2:09 am  
Anonymous Anonymous said...

I'm breathless!

2:12 am  
Blogger andrea said...

No wonder! That was incredibly vivid, CP. As for my childhood, I remember the annual Hallowe'en fireworks display as the interminable end of an exhausting night of intense excitement, cold, discomfort (costume) and confusion. But this year is the first year I have decided that I officially hate all fireworks and wish their perpetrators dead.

At 9:30 last night I let my dog out for his final pee and some bozo with leftover firecrackers nearby sent him over the fence and into the night in terror. He is terrified of fireworks, spends most of the fireworks seasons under a chair, shaking and panting uncontrollably, but this time he got away. I drove around in a downpour for two hours looking for him. Finally gave up, went to bed and waited all night for the phone to ring (our phone number is on his collar) while I struggled in and out of my ski boot (night splint for my foot) to check out front every two hours. I finally gave up all pretence of sleep and got up at 5:00. He arrived home at 6:00, wet, exhausted and *so* happy to be home. I was never so happy to see a dog in my life.

I should be posting over on my blog, not on your comments, don'tcha think?

3:47 am  
Blogger Frontier Editor said...

Cherry,

What a juxtaposition. I remember my first Guy Fawkes night. Nowhere near as terrifying as yours, but it was in the middle of a demobbed RAF station runway and a pile of debris and kindling that seemed as tall as St. Michael's Mount. A pitch-black night, and I stared for what seemed hours at a Guy Fawkes made of a flightsuit and a Mae West that went BOOMMM as the heat cooked off the CO2 cartridge.

It was pretty tribal.

3:52 am  
Blogger kj said...

cherry pie and andrea: i love you both! two great stories for the price of one post...

cp--it sounds like your were scared ****less. i would have been too.

:)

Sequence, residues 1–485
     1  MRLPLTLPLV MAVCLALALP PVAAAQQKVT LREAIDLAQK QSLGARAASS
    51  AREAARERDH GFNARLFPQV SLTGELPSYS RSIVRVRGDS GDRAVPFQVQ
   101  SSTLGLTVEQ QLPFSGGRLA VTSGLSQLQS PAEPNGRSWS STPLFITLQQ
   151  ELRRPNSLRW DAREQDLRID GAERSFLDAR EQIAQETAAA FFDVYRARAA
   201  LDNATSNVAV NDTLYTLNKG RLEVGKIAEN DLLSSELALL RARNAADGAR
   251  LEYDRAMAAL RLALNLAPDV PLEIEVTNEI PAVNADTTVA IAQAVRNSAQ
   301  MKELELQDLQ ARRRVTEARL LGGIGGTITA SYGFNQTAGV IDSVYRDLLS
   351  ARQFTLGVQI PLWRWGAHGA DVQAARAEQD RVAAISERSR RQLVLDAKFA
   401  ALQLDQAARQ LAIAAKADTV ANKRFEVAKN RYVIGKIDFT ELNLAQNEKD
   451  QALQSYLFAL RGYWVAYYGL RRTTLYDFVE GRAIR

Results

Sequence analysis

5:06 am  
Blogger Stegbeetle said...

With you all the way on this one C.P.
I wonder just how many adult neuroses have been caused by fireworks as a child?

7:51 am  
Blogger Dave said...

Hope this weekend hasn't been too traumatic for you then. I stayed in and kept the curtains closed - you could have come round here, and shared a gobstopper.

7:54 am  
Blogger Ces said...

Cherry Pie, you should start thinking about writing a novel. You are a great story teller. I read every word you wrote and could see everything. What an experience!

10:33 am  
Anonymous cream said...

Great anecdote, Cherrybabe!
Terrifying!

11:20 am  
Blogger ziggi said...

you are a great narrator - such a shame you had such an experience because (good) fireworks are great and there's nothing better than a roaring fire and excuse to burn his old suit!

1:39 pm  
Anonymous Anonymous said...

you have my sympathy. If Guy Fawkes was one night I could tolerate it but it goes on for weeks.

Valentines Day is great IF !!

As for Children in Need, I wonder how many of them donate normally? but the chance of there name on the telly.....

2:37 pm  
Blogger Mise said...

Poor Cherry .... you've probably got an equally hair-raising story about Santa ...Fireworks were illegal (for obvious reasons)and continue to be strictly licenced in Ireland ..so we only ever managed to get a few bangers to frighten old ladies and dogs ..we were cruel little savages then!

5:42 pm  
Anonymous Anonymous said...

Wonderfully told Cherrypie!

I know I hated them when I was younger and I'm not much of a fan today. For that matter, most kids I know are terrified of the damned things - it makes you wonder why people still bother

9:29 pm  
Anonymous Anonymous said...

JK. Rowling watch out. ?
Another wonderful told story, gripping to last word, awaiting next instalment

10:22 pm  
Anonymous Anonymous said...

I have some scary memories of Guy Fawkes Night, too. Like the family who had their crackers in a little cardboard school bag.On the knees of their little boy.In his little pram.Yes, someone's mis-tossed banger landed in it. It was the biggest bloody catherine wheel ever.People thought it was a guy and cheered and whooped. My father realised what had happened and flung himself onto the spinning pram.The child lived, but probably still has burn scars on his face.And as for animal terror...!
That said, I've seen some "pretty" ones.Just glad they don't celebrate the day in Australia (summertime, so too dangerous for fires)Oops! I've hogged your blog! Sorry, but thanks for the jolt.

9:52 pm